Document Type

Article

Publication Date

2002

Abstract

The hypothetical introduced by Vice Chancellor Leo Strine's Essay1 exposes an important arena of corporate governance where adherence to the traditional norm of "shareholder primacy" is particularly troublesome. In fact, it is hard to find an analogous domain of corporate governance law that is as jarringly discontinuous as that found in the factual circumstances suggested by Strine's hypothetical. Explicitly, the legal scrutiny accorded to managers who resist a hostile acquisition depends critically on whether a court invokes the Revlon doctrine or the Unocal doctrine as the appropriate governing standard. Under the former (and its progeny),2 shareholder primacy arguments carry great (and nearly exclusive) weight: corporate directors must be able to demonstrate that its resistance is reasonably calculated to maximize short-term shareholder value. Under the latter doctrine,3 however, immediate shareholder interests are just one of a panoply of considerations that directors may use to justify resistance to a hostile bid. Moreover, the factual distinctions that separate a Revlon case from a Unocal case can be surprisingly modest and nuanced. 4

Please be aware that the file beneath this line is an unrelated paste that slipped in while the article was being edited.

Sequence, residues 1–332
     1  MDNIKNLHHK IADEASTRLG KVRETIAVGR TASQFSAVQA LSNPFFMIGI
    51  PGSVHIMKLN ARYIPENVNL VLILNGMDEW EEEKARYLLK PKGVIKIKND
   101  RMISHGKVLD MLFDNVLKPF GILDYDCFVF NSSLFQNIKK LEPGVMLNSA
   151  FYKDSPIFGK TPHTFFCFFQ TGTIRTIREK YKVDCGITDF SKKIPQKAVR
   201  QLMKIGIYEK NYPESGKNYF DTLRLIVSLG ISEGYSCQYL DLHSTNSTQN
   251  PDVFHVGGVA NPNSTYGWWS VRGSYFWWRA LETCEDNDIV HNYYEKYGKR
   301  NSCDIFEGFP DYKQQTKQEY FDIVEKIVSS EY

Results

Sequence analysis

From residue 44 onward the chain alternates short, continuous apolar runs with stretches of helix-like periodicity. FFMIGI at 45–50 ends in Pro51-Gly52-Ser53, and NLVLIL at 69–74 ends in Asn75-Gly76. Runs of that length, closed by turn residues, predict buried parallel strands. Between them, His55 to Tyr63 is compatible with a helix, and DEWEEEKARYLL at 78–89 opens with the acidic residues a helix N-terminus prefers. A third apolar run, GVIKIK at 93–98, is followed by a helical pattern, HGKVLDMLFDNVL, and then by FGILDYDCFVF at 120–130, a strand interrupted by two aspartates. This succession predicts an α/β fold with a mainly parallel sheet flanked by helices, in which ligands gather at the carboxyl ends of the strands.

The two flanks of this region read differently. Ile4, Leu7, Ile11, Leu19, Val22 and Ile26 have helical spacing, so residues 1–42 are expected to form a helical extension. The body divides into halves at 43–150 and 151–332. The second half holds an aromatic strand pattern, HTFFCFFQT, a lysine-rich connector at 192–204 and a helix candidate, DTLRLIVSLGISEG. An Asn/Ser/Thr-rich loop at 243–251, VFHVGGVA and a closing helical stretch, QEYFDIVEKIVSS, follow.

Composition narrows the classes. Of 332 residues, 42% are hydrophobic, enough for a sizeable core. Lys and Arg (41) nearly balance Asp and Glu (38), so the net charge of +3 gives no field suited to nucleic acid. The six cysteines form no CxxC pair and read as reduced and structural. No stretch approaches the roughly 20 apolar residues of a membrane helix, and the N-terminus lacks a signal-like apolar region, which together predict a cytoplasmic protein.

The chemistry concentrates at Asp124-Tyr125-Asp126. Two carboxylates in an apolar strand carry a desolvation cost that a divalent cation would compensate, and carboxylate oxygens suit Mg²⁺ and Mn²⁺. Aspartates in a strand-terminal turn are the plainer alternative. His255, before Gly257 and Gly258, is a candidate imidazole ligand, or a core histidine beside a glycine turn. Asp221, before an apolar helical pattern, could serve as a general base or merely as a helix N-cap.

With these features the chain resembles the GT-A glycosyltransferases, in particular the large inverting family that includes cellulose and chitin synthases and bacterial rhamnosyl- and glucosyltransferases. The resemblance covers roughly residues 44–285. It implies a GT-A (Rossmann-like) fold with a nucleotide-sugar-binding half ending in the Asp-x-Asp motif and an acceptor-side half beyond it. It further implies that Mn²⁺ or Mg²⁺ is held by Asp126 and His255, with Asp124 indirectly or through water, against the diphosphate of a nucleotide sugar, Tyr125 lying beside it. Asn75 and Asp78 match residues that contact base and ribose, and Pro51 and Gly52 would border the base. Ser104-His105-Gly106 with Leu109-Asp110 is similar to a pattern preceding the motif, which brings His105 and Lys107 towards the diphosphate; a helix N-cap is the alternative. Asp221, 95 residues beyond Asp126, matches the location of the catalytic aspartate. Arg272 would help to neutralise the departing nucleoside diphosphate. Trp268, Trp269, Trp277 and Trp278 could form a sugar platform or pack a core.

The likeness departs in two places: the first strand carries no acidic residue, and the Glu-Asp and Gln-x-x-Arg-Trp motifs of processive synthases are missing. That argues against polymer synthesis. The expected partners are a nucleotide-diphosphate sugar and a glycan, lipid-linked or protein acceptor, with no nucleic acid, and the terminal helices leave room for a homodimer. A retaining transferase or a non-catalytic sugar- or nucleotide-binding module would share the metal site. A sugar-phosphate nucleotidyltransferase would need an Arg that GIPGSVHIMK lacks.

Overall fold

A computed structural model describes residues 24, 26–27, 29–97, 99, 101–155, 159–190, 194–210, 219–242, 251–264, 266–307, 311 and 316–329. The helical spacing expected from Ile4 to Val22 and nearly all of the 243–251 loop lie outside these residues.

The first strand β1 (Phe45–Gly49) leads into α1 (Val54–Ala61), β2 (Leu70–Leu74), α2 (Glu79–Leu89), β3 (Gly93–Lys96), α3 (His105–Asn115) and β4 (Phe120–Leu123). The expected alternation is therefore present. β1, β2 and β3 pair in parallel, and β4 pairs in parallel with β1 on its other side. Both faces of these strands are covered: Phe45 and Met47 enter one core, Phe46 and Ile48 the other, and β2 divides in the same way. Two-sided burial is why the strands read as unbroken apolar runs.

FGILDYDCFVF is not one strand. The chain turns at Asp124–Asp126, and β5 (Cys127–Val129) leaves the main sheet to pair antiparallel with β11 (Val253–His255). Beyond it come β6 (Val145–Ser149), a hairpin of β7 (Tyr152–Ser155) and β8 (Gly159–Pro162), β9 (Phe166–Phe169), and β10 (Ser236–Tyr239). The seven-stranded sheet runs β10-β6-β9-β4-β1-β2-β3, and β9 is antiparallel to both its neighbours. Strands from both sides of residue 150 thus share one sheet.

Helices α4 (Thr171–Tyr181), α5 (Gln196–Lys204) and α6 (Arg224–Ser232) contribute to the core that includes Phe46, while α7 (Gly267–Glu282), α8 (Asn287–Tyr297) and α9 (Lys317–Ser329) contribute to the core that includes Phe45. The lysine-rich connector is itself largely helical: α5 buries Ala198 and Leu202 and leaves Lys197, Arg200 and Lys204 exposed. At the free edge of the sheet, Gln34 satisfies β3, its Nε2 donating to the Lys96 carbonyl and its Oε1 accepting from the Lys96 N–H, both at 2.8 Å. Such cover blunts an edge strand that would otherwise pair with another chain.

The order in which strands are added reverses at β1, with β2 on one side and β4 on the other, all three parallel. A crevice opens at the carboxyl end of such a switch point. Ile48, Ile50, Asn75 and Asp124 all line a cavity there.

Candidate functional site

Of course, a simple description of this legal discontinuity dramatically undersells the aims of the James Trains hypothetical. Indeed, the hypothetical itself spawns deeper questions about whether shareholder primacy arguments are normatively justified with principles transcending the historical path dependence of judicial precedent. Even when a company has committed to a course of action that would ordinarily invoke Revlon, why should shareholder interests trump those of corporate founders, employees, debtholders, communities, or other interested constituencies? This is a difficult question to answer, and it is routinely debated within the pages of countless law reviews, conference proceedings, and legal briefs every year. 5

Like Strine, I have little interest in opining on the final result of this hypothetical if the dispute were litigated in the Delaware courts (though I earnestly hope that my former students would be part of the litigation teams billing hours on the issue). I have a few perspectives on the hypothetical, however, that diverge (albeit slightly) from Strine's and that might be offered for general consumption.

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